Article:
The entire system is a great example of how an intelligent approach to energy can reduce business costs. By using AI and data modelling, the BESS can be automatically programmed to provide energy to the site at peak production times using excess renewables, or at times when tariffs are higher.
Consumption or export: a hierarchy of needs
The energy crisis has also accelerated a move towards self-sufficiency, or self-consumption, for businesses. We know that there are going to be significant incentives put in place to reduce grid peaks at busy times, so many companies are interested in flattening their load profile with batteries, so they don’t have to pay those high costs.
If a business operates on both a grid connection and PV array, then solar power is an asset that needs to be used first, to best effect. For example, in a warehouse or a logistics hub with available roof space, capitalising on that roof space will be necessary to combat the increasing volatility in energy prices. With rooftop PV, we can look at a model of a distributed system where energy is managed more at a local level.
This is really about futureproofing; about the energy system of the future where a roof becomes a generator, and you maximise the value of your generator by using storage. In turn, this provides you with resilience via self-consumption alongside reduced energy costs.
Resilience isn’t the only benefit of storage over export. In an example of using the BESS in a cost-efficient hierarchy, consider a business which has on site solar and offers EV charging on site. The BESS will whenever possible charge from surplus solar generation but when this is not available it will aim to charge from the grid during lower cost periods. When plugged in and charging from the EV charger, the vehicle will take the charge load from the battery using either renewable or lower cost electricity as priorities. If the electricity storage in the BESS is neither greener nor cheaper, then the load will be drawn directly from the grid. There may also be a financial or technical requirement to manage the site peak load in which case the BESS can contribute to provide load management.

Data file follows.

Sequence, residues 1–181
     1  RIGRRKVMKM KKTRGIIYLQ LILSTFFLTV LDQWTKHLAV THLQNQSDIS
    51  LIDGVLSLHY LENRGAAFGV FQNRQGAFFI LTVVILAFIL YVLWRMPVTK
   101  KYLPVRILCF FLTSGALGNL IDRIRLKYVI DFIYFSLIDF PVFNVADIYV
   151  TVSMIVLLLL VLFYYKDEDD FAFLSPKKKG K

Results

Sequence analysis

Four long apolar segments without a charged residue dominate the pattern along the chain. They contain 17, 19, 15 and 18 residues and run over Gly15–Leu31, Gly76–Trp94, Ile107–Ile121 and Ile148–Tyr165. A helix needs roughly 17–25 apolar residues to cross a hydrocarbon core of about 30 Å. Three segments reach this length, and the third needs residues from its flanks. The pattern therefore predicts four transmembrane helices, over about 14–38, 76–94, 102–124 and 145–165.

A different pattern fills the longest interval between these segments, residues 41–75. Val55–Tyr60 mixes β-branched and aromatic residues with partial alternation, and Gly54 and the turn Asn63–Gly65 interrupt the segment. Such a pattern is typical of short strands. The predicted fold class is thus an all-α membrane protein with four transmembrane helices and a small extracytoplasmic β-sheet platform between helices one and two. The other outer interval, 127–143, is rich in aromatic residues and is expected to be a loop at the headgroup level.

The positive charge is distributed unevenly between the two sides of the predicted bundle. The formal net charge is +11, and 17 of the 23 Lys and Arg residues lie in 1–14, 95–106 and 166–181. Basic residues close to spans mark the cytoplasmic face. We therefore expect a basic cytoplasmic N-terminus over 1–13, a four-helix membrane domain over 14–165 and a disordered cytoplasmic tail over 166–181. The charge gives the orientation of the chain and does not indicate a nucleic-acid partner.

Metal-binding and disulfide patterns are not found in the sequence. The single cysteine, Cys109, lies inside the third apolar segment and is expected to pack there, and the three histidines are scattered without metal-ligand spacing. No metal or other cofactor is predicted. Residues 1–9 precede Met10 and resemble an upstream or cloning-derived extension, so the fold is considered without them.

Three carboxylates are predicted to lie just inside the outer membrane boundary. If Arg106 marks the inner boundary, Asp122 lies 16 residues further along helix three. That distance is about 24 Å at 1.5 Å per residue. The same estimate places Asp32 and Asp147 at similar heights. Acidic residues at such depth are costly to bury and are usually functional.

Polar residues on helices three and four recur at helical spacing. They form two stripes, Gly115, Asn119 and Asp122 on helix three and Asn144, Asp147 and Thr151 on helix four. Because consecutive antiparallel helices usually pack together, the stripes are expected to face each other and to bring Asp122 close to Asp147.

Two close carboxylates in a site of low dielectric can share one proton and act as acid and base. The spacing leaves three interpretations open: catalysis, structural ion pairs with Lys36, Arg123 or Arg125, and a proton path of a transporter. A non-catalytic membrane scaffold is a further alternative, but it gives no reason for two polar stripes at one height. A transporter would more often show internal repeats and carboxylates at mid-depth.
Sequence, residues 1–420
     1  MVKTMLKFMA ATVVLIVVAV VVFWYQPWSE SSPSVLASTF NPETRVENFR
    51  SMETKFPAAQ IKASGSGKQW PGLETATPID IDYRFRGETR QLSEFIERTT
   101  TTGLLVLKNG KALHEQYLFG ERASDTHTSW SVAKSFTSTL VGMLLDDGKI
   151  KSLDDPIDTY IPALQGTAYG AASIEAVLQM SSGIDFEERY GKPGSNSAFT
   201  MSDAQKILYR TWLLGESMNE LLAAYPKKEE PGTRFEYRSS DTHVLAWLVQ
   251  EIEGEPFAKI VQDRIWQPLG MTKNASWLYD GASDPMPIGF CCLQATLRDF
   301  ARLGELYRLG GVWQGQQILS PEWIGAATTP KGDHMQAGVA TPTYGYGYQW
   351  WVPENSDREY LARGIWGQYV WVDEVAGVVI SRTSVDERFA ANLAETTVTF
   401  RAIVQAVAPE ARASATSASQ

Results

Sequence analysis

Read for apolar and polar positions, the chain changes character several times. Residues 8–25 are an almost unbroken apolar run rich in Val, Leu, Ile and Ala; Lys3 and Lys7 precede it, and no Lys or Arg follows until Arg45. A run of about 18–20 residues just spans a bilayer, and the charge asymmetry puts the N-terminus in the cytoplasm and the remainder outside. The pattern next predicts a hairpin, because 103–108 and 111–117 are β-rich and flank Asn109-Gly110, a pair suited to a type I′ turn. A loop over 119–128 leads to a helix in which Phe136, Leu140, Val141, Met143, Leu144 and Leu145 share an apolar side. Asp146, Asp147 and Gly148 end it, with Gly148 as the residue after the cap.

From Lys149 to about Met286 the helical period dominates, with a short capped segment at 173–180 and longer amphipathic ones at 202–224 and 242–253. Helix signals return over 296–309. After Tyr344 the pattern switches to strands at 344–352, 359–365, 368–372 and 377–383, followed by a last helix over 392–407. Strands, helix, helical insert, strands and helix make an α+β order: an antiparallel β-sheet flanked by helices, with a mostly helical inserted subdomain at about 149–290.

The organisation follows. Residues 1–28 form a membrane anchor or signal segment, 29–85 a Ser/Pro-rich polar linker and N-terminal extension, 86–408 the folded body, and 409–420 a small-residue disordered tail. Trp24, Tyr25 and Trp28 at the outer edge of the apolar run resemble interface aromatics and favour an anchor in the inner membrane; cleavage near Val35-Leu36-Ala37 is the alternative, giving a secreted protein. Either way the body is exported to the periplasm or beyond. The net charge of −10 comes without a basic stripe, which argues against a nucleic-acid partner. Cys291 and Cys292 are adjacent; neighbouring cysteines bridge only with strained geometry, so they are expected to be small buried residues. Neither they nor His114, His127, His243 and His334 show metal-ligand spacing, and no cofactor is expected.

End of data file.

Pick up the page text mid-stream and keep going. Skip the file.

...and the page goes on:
The AMRC site takes the potential of BESS one step further, to automatically coordinate meteorological data with BESS data so that it is prepared in advance to maximise revenue opportunities around weather conditions. This is where battery data management with PV array really starts to show off in terms of measurable environmental and financial value.
The green machine: environmental payback and the case for second life
Payback isn’t all financial of course, even if that must be the first reference point for business owners. Many adopters of solar energy and BESS will be focused on environmental credentials, whether that’s ensuring a sustainable supply chain, relying less on energy from fossil fuels, meeting ESG commitments or reacting to internal pressure from stakeholders and staff.
Tom from Ren Energy clarifies that in many instances the environmental imperative is as important, if not more so than the cost imperative: